The storing of (often poorly) dried collections without accompanying good descriptions, particularly without notes on colours (preferably matched with a current colour code) has been another serious handicap, particularly in section Vaginatae. Moreover, especially in the latter section, where accurate description of the shape of the spores is of great importance, progress is hampered by the rather haphazard way in which this shape is still often described; what is subglobose to one author, is ellipsoid to another. In 1969 Bas proposed to standardize these terms in relation to the measured length/breadth of spores. This terms are also applied to the shape of the spores of other agaricoid genera in all 4 volumes of the Flora Agaricina Neerlandica and certainly help mycologists to understand each other better. The genus Amanita is a veritable cosmopolitan one. Species of it have been recorded from all continents, from arctic tundras to tropical rain forests and from lowlands to high mountains. However, in Europe the genus is with about 50 species rather poorly represented. Jenkins (1986) in his book on Amanita in North America enumerates 128 species and mentions that the true number is probably considerably larger. Tulloss & al. (1995) report 58 species for the state of West Virginia alone, of which quite a few are still undescribed. Recently Wood (1998) describes 67 species of Amanita from in and around New South Wales (Australia) of which 34 as new. The number of species recorded from South America, a continent long thought to be unfavoured by the genus Amanita, is slowly but constantly growing and is close to passing 50. In addition the number of species known from the palaeotropics is already rather high and will probably still grow considerably.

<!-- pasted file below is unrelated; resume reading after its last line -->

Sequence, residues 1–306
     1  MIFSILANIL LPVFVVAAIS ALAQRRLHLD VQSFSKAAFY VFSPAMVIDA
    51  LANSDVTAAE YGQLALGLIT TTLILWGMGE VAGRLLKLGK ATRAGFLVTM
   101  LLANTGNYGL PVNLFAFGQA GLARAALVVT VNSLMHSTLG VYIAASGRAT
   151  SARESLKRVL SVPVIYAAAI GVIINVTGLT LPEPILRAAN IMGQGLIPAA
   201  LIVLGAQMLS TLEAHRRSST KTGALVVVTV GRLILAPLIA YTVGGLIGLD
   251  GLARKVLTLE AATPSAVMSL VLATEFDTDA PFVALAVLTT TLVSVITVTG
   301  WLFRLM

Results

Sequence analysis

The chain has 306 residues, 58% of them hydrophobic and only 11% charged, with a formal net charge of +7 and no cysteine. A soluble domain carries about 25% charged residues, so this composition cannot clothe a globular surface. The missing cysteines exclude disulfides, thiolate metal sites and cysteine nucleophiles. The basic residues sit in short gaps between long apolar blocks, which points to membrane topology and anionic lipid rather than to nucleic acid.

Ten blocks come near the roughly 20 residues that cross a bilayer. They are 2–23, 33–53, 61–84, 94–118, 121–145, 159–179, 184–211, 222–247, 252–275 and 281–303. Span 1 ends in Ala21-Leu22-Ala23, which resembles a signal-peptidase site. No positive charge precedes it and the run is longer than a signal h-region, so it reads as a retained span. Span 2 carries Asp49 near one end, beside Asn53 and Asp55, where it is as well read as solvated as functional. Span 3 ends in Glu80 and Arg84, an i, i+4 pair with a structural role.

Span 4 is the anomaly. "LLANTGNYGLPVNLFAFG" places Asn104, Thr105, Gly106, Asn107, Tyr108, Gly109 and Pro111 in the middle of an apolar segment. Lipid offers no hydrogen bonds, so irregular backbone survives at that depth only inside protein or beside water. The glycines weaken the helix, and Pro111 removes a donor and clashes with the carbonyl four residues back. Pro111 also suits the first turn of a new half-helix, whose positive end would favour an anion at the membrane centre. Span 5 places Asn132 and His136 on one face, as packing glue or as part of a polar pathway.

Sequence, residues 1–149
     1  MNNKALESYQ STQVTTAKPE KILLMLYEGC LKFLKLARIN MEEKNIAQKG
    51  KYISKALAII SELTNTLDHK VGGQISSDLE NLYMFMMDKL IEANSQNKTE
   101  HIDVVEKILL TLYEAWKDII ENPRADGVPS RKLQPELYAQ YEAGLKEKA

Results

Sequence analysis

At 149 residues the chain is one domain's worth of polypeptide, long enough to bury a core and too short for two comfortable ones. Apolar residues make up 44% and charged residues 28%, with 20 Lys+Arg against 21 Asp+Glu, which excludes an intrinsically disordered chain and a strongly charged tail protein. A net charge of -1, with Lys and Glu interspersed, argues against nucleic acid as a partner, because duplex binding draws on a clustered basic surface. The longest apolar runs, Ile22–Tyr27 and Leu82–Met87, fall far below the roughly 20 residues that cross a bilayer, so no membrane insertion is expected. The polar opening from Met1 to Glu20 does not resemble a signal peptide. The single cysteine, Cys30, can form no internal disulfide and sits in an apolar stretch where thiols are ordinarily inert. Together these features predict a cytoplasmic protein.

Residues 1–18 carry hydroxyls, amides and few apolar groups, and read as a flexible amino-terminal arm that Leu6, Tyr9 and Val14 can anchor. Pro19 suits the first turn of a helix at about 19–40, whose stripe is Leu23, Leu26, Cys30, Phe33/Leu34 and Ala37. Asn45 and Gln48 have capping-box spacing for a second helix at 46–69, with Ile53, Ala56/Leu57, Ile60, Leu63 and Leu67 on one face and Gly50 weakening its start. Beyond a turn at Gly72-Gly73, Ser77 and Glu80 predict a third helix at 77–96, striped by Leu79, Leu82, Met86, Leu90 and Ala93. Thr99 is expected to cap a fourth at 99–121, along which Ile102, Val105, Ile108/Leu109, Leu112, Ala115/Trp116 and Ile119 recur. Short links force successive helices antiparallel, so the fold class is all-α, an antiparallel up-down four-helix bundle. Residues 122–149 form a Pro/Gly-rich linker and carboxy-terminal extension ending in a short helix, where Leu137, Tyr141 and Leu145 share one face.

The knowledge that Amanita is so very rich in species elsewhere in the world should warn mycologists to be very careful with proposing changes in its infrageneric classification based only on locally known taxa.

It is interesting to see that the infrageneric division of Amanita, in great lines developed by Gilbert (1940) and more precisely defined by Corner & Bas (1962) and Bas (1969), viz. into a subgenus Amanita (with non-amyloid spores) with sections Vaginatae and Amanita and a subgenus Lepidella (with amyloid spores) with sections Phalloideae, Validae, Amidella and Lepidella, can still reasonably well accommodate the many new species being described.